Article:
My husband and I just finished watching the Kentucky Derby, and when it was finished, he said, “It’s sort of like writing, isn’t it?” “How?” I asked. “It takes picking the right horse, tons of training, and crossing lots of finish lines to be a contender.”
After I thought about, he’s right. A writer has to find a niche for himself–whether it’s writing fantasy, romance, mystery, or literary–and then he has to find a way to be unique from the other writers in that niche. I write urban fantasy, and that means readers expect certain elements when they pick up my books, but each writer puts a unique twist on those elements to make the genre their own. Ilona Andrews is different than Patricia Briggs, who’s different from Jennifer Estep, who’s different from Faith Hunter. And once a writer has found how to follow the rules of the genre in his own way, he’s found a niche. It’s the horse he’s going to ride to the finish line, if he’s lucky. Of course, sometimes the niche becomes glutted or half-dead, and then a writer has to find a new horse or decide to hope for the best and stick it out.
The only way to be a good writer is to write. A person has to master the craft of writing–plotting and pacing, varying sentence structure and writing dialogue, grammar and spelling, etc–as well as finding his own voice and style. That’s where the training comes in. And it’s not just the actual act of writing he needs to learn. There’s a fine line between listening to criticism to make his writing better and listening to criticism to the point that he tries to please everyone and loses his own voice. I’ve met writers who won’t listen to anyone and they never fix their mistakes. I’ve also met writers who listen to everyone and end up with a homogenized nothing. Too far one way or the other does a writer no favors.
The last part of horse racing is crossing the finishing line. But to reach the Kentucky Derby, most horses have raced in lots of others races to hone their skills. Writers, hoping to have a career, have to cross lots of finish lines, too. First, they have to decide on their niche. Then they have to find a way for their story/book to be unique. Then they have to FINISH their story–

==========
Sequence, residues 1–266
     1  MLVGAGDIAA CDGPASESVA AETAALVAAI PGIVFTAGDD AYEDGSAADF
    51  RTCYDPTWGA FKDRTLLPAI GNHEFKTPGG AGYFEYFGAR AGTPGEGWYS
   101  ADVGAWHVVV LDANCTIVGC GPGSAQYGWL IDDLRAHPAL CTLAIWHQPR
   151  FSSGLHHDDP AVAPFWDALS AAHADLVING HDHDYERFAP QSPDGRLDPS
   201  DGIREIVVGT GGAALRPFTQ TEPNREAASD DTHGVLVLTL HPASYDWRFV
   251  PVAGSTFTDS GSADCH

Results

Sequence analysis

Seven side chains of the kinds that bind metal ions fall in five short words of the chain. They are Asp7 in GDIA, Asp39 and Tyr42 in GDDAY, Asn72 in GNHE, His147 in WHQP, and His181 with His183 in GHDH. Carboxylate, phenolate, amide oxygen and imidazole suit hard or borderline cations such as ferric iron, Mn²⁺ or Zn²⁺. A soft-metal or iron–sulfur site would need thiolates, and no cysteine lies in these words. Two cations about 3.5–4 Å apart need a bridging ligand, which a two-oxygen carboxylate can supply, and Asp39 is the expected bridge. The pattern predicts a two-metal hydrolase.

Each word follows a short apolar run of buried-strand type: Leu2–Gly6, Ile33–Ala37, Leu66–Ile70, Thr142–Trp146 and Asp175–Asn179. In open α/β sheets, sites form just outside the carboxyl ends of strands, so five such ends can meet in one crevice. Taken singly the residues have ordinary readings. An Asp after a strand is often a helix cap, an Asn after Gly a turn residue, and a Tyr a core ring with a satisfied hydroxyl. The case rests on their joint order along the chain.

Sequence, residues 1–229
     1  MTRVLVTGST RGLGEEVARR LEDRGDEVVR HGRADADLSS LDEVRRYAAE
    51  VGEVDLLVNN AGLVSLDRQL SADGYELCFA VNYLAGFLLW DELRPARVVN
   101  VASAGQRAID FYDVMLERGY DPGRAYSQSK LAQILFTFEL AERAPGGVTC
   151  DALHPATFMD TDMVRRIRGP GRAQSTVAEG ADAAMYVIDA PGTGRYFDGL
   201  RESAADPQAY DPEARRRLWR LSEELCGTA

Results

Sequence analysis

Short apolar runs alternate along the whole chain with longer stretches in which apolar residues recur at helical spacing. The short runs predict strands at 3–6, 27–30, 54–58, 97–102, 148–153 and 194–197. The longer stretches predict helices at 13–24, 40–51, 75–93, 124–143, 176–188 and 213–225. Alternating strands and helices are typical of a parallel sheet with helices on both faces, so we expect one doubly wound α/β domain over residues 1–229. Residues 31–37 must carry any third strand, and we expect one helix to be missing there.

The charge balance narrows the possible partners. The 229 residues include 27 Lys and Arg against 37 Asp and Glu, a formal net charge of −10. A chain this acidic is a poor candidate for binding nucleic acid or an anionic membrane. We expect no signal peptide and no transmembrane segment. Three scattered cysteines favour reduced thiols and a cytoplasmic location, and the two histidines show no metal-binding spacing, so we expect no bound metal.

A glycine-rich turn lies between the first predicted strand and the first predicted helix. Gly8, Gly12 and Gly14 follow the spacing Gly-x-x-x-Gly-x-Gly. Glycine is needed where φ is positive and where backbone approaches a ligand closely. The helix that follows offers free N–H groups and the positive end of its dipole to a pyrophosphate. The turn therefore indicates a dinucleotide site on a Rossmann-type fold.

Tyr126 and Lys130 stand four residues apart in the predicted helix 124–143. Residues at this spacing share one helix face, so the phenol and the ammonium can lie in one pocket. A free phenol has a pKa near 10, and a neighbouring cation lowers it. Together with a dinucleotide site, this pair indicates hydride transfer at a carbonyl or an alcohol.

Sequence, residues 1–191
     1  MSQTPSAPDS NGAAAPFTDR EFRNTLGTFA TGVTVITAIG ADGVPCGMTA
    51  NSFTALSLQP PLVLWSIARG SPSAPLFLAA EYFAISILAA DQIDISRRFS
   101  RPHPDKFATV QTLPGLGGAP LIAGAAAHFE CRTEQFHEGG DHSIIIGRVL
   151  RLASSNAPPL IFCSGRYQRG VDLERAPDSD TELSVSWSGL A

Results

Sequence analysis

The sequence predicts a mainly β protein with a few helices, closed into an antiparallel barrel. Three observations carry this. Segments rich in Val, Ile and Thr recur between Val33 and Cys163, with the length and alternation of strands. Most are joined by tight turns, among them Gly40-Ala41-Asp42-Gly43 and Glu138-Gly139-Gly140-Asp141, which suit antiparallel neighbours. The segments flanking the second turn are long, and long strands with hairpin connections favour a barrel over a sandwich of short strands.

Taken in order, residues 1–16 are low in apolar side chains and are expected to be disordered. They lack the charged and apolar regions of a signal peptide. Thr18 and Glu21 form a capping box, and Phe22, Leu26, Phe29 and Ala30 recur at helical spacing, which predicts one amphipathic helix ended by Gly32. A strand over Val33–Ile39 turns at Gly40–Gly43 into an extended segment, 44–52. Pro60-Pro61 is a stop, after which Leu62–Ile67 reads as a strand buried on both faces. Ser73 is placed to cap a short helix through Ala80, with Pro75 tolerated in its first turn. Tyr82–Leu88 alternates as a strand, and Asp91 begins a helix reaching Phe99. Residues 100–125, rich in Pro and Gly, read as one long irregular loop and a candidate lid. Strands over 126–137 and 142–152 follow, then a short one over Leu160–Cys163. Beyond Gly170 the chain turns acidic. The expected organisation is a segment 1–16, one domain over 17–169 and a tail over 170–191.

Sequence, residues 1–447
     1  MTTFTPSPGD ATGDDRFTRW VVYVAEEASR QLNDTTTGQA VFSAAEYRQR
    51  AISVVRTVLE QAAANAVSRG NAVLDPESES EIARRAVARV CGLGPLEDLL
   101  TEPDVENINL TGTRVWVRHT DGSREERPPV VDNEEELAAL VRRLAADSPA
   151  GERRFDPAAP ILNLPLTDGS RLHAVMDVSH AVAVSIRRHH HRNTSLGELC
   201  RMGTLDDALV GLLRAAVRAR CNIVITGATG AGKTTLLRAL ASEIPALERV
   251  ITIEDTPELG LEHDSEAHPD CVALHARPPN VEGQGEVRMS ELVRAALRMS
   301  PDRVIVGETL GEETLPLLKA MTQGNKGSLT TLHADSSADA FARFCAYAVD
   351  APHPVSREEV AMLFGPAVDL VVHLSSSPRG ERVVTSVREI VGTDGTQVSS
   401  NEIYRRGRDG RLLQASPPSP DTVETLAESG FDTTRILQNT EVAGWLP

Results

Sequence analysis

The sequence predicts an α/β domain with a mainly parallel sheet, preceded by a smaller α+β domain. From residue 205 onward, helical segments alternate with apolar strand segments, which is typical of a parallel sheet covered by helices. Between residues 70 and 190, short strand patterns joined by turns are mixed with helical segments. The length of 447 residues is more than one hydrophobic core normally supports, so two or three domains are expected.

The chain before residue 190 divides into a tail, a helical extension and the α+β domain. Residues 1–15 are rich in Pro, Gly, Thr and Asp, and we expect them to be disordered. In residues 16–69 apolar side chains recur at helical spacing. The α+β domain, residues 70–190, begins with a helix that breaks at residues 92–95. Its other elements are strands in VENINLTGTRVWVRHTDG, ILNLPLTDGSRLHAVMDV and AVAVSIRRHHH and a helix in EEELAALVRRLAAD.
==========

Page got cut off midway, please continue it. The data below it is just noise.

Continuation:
and that’s an accomplishment, in itself, but it’s only one finish line. Next, they have to DO something with their books. They can try for an agent, an editor, or self-publish. Whichever way they go, once they accomplish that, they’ve crossed one more finish line–a substantial one, but there are more races to go.
Even published writers have to market themselves anymore. Most authors write blogs or have webpages. A lot of them tweet and have Facebook pages. They advertise and promote. They work to “brand” themselves, so that when a reader hears their name, they think of a product. These days, marketing is a finish line almost every author needs to cross.
Not every horse reaches the Kentucky Derby. Only one horse wins it. The same is true for writers. Some of us are still working to win small races. A few have won more races and sold enough books to have earned a name and a career. Fewer still hit the jackpot. But a writer can’t win if he doesn’t race. The odds are against winning the Derby, but there are smaller victories along the way.
My big dream? Someday, I want to go to the Romantic Times convention, not as a fan, but as an author who might have fans stand in line for me to sign my books. But I have a few more finish lines to cross before that ever happens. So I’m going to keep busy until it’s off to the races! You should, too.
P.S. I put a new post on my webpage for May. http://www.judithpostswritingmusings.com/